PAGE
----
Winterbottom was born in Oldham on 31st January 1913. He began playing
football as a youth and was spotted playing for Royton Amateurs and
given a trial for Mossley at the end of the 1934-35 season making 1
appearance that season. He impressed enough though to be invited back
the following season and was signed on amateur forms by Secretary/Manager
Clifford Tarr. A strong and skilful centre half Winterbottom became
a regular in the Mossley team the following season and helped Mossley
to a mid-table position in the Cheshire League. He made 22 appearances
and was then one of four Mossley players to join Football League clubs
at the end of the season, the others being Tom Molloy (Halifax Town),
Jock Anderson (Rotherham United) and Jack Aspinall (Bolton Wanderers).
Winterbottom was spotted by Manchester United talent scout Louis Rocca
who considered that he had the potential to be a great half-back. His
chance arose in 1936 when he replaced the injured George Vose in the
United team and was later to keep him out of the side. However, in the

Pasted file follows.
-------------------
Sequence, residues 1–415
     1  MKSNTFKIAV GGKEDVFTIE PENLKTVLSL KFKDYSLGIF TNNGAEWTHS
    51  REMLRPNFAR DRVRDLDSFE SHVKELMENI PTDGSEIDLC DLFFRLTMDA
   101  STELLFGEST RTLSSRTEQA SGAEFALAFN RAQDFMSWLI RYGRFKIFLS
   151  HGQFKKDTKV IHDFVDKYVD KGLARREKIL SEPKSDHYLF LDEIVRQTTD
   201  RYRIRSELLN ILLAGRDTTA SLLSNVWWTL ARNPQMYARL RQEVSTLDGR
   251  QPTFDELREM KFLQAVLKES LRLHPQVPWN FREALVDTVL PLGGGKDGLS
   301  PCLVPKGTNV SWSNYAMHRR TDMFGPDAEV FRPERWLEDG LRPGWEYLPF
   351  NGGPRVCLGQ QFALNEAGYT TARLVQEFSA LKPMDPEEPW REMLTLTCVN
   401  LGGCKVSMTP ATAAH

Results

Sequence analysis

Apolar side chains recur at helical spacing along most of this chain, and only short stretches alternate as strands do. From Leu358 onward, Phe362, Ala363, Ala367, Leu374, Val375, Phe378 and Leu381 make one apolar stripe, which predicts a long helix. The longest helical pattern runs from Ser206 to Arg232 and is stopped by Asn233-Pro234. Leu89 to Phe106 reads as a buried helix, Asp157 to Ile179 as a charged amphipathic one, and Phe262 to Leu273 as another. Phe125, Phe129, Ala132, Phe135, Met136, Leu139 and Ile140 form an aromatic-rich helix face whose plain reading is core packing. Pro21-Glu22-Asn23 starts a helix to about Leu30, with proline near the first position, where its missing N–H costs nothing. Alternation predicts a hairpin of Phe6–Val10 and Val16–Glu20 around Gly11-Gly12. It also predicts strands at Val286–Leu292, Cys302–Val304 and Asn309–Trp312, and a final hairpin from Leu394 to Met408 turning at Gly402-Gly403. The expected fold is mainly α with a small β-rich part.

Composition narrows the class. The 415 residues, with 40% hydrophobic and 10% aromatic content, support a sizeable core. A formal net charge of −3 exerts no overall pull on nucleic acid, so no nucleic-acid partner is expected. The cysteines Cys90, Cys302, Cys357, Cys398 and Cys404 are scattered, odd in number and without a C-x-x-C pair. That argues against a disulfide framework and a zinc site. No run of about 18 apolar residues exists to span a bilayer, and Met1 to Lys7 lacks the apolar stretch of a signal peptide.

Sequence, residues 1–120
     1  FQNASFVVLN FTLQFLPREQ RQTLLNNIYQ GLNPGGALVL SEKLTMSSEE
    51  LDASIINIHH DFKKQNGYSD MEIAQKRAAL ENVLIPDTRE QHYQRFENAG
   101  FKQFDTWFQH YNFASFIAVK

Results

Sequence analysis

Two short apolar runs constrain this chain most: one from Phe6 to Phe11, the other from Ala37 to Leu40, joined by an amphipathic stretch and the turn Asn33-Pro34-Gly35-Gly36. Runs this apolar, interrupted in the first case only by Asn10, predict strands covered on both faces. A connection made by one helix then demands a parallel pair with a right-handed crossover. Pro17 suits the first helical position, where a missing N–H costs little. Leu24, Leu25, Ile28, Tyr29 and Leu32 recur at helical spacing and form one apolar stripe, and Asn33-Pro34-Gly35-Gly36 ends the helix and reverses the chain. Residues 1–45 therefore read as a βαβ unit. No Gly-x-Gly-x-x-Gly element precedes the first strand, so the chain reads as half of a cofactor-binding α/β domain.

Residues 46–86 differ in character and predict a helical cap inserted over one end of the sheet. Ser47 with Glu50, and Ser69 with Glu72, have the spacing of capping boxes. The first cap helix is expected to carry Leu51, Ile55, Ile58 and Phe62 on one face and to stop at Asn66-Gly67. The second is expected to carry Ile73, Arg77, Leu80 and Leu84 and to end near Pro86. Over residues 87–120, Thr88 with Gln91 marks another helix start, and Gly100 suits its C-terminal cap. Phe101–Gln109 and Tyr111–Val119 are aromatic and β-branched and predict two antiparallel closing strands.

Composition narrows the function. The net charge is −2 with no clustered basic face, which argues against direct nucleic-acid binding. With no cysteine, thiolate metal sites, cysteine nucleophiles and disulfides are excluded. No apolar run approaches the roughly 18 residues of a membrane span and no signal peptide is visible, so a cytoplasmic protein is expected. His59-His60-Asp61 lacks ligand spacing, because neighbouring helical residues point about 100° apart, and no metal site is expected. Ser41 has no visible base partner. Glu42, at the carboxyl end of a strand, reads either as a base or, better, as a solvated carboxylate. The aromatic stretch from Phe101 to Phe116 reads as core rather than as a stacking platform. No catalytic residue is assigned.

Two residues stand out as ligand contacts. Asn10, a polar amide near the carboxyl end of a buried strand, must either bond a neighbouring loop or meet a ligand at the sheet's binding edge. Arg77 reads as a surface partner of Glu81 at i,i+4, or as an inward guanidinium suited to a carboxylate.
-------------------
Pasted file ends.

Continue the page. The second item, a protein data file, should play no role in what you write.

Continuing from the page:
following season 1937-38 Winterbottom suffered from ankylosing spondylitis,
a disease of the spine. The disease forced him to retire from the game
at an early age, after making only 27 appearances for Manchester United's
first team. Before injury forced him out of the game prematurely he
was reckoned to be one of the hottest young properties in the game.
Whilst pursuing a career in professional football, Winterbottom was
also a schoolmaster: 'Before the War there was no floodlit football
and league matches were generally played on Saturdays. Thus whilst playing
for United, I was able to be a schoolmaster, then a student at Carnegie
Physical Education College where subsequently I was appointed lecturer'.
Not long after this his teaching skills were noted by the F.A: 'In 1938,
the F.A ran a summer school/conference at Carnegie and invited me to
join the staff, it was here that Sir Stanley Rous and other F.A. coaching
officials first noted my capabilities.' During the Second World War,
Walter Winterbottom served in the RAF as a wing commander. On demobilisation
he was appointed F.A. Director of Coaching with responsibilities of
managing England teams, amateur and professional, a post which he held
from 1946 until 1962. Whilst manager of England he guided the team to
four World Cup Finals and was awarded the OBE for his services to football.
As England manager he set up Englandís youth and under-23 teams. The
CBE followed in 1972. In 1978 he was awarded a knighthood in recognition
of his services to sport, as director of the Sports Councils and chairman
of the Committee of Sport in the Council of Europe.
Sir Walter Winterbottom passed away age 89 in February 2002.